Just sit down and write, the voice has been repeating for a few hours. I delay and delay. Why? Because today marks 4 years since Bernie, my husband, died. Sitting to write a post demands that I look deeply into my heart, and I’m not sure I want to.

An online memorial for him is taking place as I write this, the last of four beautiful programs Zen Peacemakers organized this year, this last one connected to the retreat at Auschwitz-Birkenau that ends tonight. I am grateful to friends like Ken Byalin, Chris Panos, and many others who organized this, but I’m not there. I find it hard to participate in public events commemorating Bernie, be they memorials or birthdays. Instead, I cling to a personal mourning space, something that belongs to us alone.

I shared him so much with others and I don’t feel like sharing him now. Many people continue to love and admire him, enjoy telling their stories about him. Today, here, I want him to stay mine.

A lot has come up for me in the last 4 years, things I understand deeper and better than before. Ahh, I see now, I think to myself, and look around for him to share it with. You know how you used to say so and so? or Remember when we had that situation and didn’t know what to do? I think I see now, and—only he’s not there.

He always quoted his teacher, Maezumi Roshi, saying that the most important teachings happen after someone dies, and I have experienced that for myself practically every day since November 4, 2018. Things that bit and stung and hurt, things that left me puzzled or else that I enjoyed only superficially, things I didn’t understand about life, love, friendship, and practice—they still have their place, but now in a far, far bigger context. The context of the hanging chimes outside whose music contains everything. If he’s anywhere, he’s in the chime of life they’re ringing day in, day out.

I wish he was around so that I could talk to him about loss, the sense of doing many things and at the same time not-doing, that it’s not really you who’s doing anything at all. I think of the many times we’d have these talks, he puffing on his cigar, nodding in the end. Is that all he did, I ask myself, nudging my memory. Didn’t he also say something? Certainly not That’s right, he never spoke in terms of right and wrong. I agree with that. A smile, a cigar puff, and maybe a Yup. Or maybe Bidiuk, one of the few Hebrew words he knew, meaning exactly. I worry now about how much I forget.

I saw the picture above at the gathering of Stone Soup Café last Sunday in Greenfield, the visioning process I described in a different post. Someone—I don’t know who—drew that picture of Bernie and added his Three Tenets: Not-knowing, Bearing Witness, Taking Loving Action. Few things thrilled Bernie ao much as when folks who were not Buddhist, the bakers in Greyston, the head of its Day Care, or the folks who eat and volunteer at the Café show they’ve absorbed certain of his teachings and made them their own, in their language. He spent years teaching Zen to Zen practitioners, but his big strength lay in spelling out his understanding of the dharma, of life, in simple language that anyone understands. I don’t know anyone who did that better.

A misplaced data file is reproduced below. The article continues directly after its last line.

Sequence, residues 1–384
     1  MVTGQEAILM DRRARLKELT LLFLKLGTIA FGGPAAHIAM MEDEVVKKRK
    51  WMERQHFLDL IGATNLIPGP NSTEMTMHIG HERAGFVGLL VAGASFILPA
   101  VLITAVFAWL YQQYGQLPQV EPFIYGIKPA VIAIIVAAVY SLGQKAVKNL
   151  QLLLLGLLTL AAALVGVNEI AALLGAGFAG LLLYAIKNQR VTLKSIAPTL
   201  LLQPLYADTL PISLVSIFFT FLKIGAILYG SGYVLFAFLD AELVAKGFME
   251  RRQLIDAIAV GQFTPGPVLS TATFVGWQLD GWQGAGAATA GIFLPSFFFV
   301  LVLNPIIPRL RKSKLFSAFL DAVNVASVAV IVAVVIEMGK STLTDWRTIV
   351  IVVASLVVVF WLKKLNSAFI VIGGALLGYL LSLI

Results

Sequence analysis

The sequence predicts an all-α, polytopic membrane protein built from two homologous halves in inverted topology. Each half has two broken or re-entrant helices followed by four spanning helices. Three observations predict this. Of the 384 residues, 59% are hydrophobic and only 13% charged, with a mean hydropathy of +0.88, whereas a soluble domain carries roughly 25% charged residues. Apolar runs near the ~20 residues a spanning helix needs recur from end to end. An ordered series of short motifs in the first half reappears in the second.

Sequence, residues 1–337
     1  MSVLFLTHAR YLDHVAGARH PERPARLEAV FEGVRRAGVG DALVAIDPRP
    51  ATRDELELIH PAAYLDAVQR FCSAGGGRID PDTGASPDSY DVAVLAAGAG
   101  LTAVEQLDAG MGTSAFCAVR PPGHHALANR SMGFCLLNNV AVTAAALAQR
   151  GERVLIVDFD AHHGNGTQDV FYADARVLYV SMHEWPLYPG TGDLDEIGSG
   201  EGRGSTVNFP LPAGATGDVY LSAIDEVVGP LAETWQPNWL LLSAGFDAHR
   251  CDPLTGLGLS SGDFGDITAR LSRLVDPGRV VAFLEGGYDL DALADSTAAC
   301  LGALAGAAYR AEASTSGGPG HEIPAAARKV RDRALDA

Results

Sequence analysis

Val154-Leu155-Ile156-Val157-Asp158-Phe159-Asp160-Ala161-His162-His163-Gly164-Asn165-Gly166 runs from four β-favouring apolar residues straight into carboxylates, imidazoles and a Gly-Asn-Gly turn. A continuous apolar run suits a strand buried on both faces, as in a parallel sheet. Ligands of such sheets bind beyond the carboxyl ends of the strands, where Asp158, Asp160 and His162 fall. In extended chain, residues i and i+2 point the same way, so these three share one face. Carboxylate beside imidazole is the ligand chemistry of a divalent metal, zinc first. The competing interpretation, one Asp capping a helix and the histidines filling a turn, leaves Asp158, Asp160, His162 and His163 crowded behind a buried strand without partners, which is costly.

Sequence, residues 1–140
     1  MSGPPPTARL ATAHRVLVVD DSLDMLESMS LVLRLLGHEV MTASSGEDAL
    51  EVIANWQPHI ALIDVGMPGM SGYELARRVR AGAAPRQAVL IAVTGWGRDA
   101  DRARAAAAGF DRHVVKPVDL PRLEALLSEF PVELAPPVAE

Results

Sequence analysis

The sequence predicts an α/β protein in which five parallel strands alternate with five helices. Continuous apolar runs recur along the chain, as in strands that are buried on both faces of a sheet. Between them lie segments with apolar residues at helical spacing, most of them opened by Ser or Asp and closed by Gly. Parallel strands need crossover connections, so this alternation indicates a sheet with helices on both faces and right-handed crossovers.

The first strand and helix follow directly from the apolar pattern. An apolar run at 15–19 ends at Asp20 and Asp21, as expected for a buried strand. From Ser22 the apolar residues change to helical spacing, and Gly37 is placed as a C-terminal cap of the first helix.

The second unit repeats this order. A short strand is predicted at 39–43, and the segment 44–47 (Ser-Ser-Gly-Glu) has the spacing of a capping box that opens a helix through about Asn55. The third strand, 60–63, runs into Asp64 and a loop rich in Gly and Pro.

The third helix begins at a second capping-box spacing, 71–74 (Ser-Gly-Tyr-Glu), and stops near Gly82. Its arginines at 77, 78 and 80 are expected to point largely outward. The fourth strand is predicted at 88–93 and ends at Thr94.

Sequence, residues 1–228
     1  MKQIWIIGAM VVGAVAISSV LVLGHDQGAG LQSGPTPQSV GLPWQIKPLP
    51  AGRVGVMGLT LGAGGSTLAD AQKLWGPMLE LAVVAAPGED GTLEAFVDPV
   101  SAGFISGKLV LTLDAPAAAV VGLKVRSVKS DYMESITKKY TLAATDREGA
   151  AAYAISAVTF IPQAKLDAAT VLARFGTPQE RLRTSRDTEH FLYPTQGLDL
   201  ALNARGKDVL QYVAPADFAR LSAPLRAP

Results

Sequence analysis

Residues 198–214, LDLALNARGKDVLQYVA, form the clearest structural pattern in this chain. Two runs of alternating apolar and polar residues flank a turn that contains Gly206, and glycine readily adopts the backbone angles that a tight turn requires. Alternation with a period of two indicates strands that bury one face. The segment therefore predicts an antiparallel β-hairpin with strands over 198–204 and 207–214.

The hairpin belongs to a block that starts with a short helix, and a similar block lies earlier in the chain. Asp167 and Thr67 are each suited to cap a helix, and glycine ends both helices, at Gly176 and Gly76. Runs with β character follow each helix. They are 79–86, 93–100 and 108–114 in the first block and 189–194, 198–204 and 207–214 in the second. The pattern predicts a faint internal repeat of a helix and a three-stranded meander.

People got the gist of it. The folks in the Greyston AIDS Center understood that “Not knowing” wasn’t anti-knowledge, but rather the act of letting go a little of all the knowing and the thinking that make up our sense of a self that’s separate from others, separate from life. The Greyston bakers substituted “Being open” to “bearing witness,” but they understood that you can only be open to the extent that you let go of that self-centered knowing, otherwise, as he’d say in Yiddish, gurnish helfen—nothing will help. No truly loving action will arise that addresses the situation itself; it may just make you feel good.

I walked around the Stone Soup space that Sunday, looking at various posters and numbers of people served, meals served, how many volunteers, etc., saw this picture, and thought to myself how thrilled he would have been to see that a Café run by non-Buddhists, no connection to Zen or any sangha, have absorbed this into their work. Greyston’s values, which included his Tenets, also came about as a result of a visioning process that included its employees, and he was ecstatic. No number of successors and Zen centers in his lineage made him as happy as that.

What do I do this weekend, other than walk the dogs? Drive to Barre tomorrow to witness the handing over of articles that belonged to the murdered men, women and children at Wounded Knee to their Lakota descendants, and greet the elder I admire and love so much, Violet Catches. That this is taking place on the weekend of Bernie’s memorial and the end of the annual retreat at Auschwitz-Birkenau is not lost to me; I’ll probably write about that early next week.

After Bernie died—I don’t remember how many months– I went through his things. At some point I looked up his status as a Million Miler with United Airlines and tried to log in, and immediately was asked to supply answers to identifying questions. Luckily, he’d written down this information:

Favorite type movie. Huh? I looked down at the list: science fiction. Fool me, I thought.

Occupation: Scientist.

Favorite sport: Boxing. Again, I did a double take. Not Tom Brady’s football? Not the New York Giants?

Favorite pizza topping: That I knew. Pepperoni, of course.

Finally: Best Friend’s Birthday Month: I looked down and read: December. Best friend’s birthday occurs in December.

“You sure he didn’t write September?” said Aussie.

“No, Auss,” I said, tears in my eyes, “he wrote December.”

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